Why Do My Guppies Keep Dying?

Guppy fish are popular freshwater aquarium fish among fishkeepers. Their striking colors and active behavior in the tank make them fun to watch. Guppies aren’t hard to take care of. In fact, they are very resilient types of fish. So, why do your guppies keep dying?

Why Do My Guppies Keep Dying? 1

Reasons Why Guppies Keep Dying

Most of the time, guppies suddenly die because most beginners don’t know how to take care of guppy fish. The main reasons why your guppies may die include:

Poor Water Quality

The top reason why most guppies die in an aquarium is the quality of the water. Poor water quality can lead to diseases and parasites that cause guppy to become sick and die.

Things that lead to poor water quality include overfeeding and excess fish waste. if left unregulated, the build-up of toxins causes the fish to die.

Too cold or too warm water can cause guppies to die. Guppies are tropical fish and need a certain temperature to thrive. Tap water, unconditioned, contains chlorine which is deadly to fish.

Tank

If this is your first guppy tank, then you probably bought a few and put them in your brand new aquarium. However, a week later, all your guppies start to die. Why? Because you didn’t cycle the aquarium. The cycling process lasts for about 2 weeks depending on the size of the fish tank. See here (video) for more information.

  1. Setup the tank and put add tank water into it
  2. Add a de-chlorinator to the water – Seachem Prime has high ratings.
  3. Add nitrifying bacteria – API Quick Start is highly reviewed.
  4. After about 1-2 weeks, beneficial bacteria colonize the entire tank.
  5. Test for ammonia, nitrite, and nitrate with an API Test Kit. Ammonia and nitrite should be at 0 ppm, while nitrate can be at a maximum of 20 ppm.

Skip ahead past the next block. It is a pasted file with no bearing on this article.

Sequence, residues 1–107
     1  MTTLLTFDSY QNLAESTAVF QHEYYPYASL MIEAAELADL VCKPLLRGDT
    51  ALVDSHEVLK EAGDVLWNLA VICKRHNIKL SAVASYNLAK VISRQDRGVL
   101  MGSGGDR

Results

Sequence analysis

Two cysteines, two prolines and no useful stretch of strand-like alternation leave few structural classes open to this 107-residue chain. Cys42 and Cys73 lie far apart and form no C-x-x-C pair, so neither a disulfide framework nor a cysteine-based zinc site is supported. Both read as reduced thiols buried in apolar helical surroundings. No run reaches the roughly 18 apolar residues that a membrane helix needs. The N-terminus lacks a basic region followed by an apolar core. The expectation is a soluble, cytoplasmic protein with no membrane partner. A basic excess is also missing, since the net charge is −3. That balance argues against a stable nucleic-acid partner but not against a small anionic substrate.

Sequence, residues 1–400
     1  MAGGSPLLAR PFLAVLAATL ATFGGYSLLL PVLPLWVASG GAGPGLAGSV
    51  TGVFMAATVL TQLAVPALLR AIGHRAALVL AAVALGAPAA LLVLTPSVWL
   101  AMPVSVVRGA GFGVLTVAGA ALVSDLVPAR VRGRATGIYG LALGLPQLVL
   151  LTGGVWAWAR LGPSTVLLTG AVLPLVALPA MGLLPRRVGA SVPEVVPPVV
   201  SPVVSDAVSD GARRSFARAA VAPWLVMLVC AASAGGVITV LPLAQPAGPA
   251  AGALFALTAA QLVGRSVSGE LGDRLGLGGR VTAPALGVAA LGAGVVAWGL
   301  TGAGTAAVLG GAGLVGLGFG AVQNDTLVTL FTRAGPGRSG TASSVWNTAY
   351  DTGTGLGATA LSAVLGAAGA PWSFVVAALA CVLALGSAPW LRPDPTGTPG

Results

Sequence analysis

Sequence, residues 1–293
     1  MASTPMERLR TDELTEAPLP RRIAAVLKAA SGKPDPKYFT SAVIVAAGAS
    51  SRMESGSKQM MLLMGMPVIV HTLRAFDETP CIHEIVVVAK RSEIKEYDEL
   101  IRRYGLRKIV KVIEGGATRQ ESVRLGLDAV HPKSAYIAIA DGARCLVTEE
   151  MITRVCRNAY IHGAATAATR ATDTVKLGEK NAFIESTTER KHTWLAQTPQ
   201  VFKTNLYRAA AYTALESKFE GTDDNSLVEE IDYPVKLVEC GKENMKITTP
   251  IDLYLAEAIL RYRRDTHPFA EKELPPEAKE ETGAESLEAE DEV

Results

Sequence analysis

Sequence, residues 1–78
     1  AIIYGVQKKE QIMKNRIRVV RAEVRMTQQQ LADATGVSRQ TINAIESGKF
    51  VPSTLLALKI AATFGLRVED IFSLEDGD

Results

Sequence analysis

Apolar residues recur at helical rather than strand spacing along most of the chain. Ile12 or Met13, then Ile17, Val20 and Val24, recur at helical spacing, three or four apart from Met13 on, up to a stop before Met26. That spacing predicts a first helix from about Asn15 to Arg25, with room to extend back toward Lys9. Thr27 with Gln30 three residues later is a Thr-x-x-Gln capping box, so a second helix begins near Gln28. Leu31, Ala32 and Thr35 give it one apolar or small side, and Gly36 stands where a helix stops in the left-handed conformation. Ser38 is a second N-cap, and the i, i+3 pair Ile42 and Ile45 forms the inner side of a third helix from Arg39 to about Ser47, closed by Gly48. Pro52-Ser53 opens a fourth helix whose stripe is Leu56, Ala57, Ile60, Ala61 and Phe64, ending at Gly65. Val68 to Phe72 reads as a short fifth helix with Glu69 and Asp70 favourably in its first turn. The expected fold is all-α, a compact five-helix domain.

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Once everything is favorable, you can add the guppy fish. A day after adding the fish, do another test to verify that the bacteria can keep up with the nitrogen cycle. Monitor the tank for at least one week.

Ammonia Level

Ammonia should always be kept at 0 ppm. That means that there shouldn’t be ammonia in the aquarium. With good bacteria, ammonia is turned into nitrites and then to nitrates. The nitrogen cycle discussed above. Here are some things that can cause ammonia levels to rise:

  • Leftover fish food.
  • Unremoved dead fish.
  • A dirty filter.
  • Dirty substrate.

Overfeeding

Feed adult guppy fish once a day or once every other day. Overfeeding them can lead to health issues. Uneaten food pollutes the water. Read how to feed guppy fish for a general guide.

Overcrowded

Too many fish in a single tank can mean lower oxygen levels. Lower oxygen levels are fatal to fish. Too many fish in a tank can be stressful for the entire fish community. Stress can cause fish to die. Always try to keep fish to a minimum.

Temperature

Guppy fish favor water temperatures between 72-82 °F (22-28 °C ). Guppies can survive in water with temperature as low as 64 °F (18 °C), but the chances of diseases are very high. Temperatures above 82 °F (28 °C) can lower the oxygen level which can cause suffocation and eventually death.

How To Prevent Sudden Death in Guppies

Proper feeding, regular water changes, and tank maintenance help to protect your guppy fish and allow them to have a happy and healthy life.

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Feeding

A variety of quality food can increase your guppy fish’s lifespan. Tetra produces some of the best fish food in general. Flakes, vegetables (you can prepare at home), spirulina tablets and blood worms are also good choices.

Water Changes

Changing the water of the tank weekly removes toxins and harmful bacteria. Changing 20-30% of the water once per week is ideal in most cases.

Tank Maintenance

You should clean the filter at least twice a month. You can rinse sponge filters using aquarium water. Do not use tap water as it kills off the good bacteria needed for your tank.

Repeat the same with your other filters (internal/external). Rinse the biological filter with aquarium water. Never leave the sponge or filter out to dry. If it dries out, the beneficial bacteria will die. You can also vacuum the gravel (or another substrate) to remove food particles and waste trapped there.

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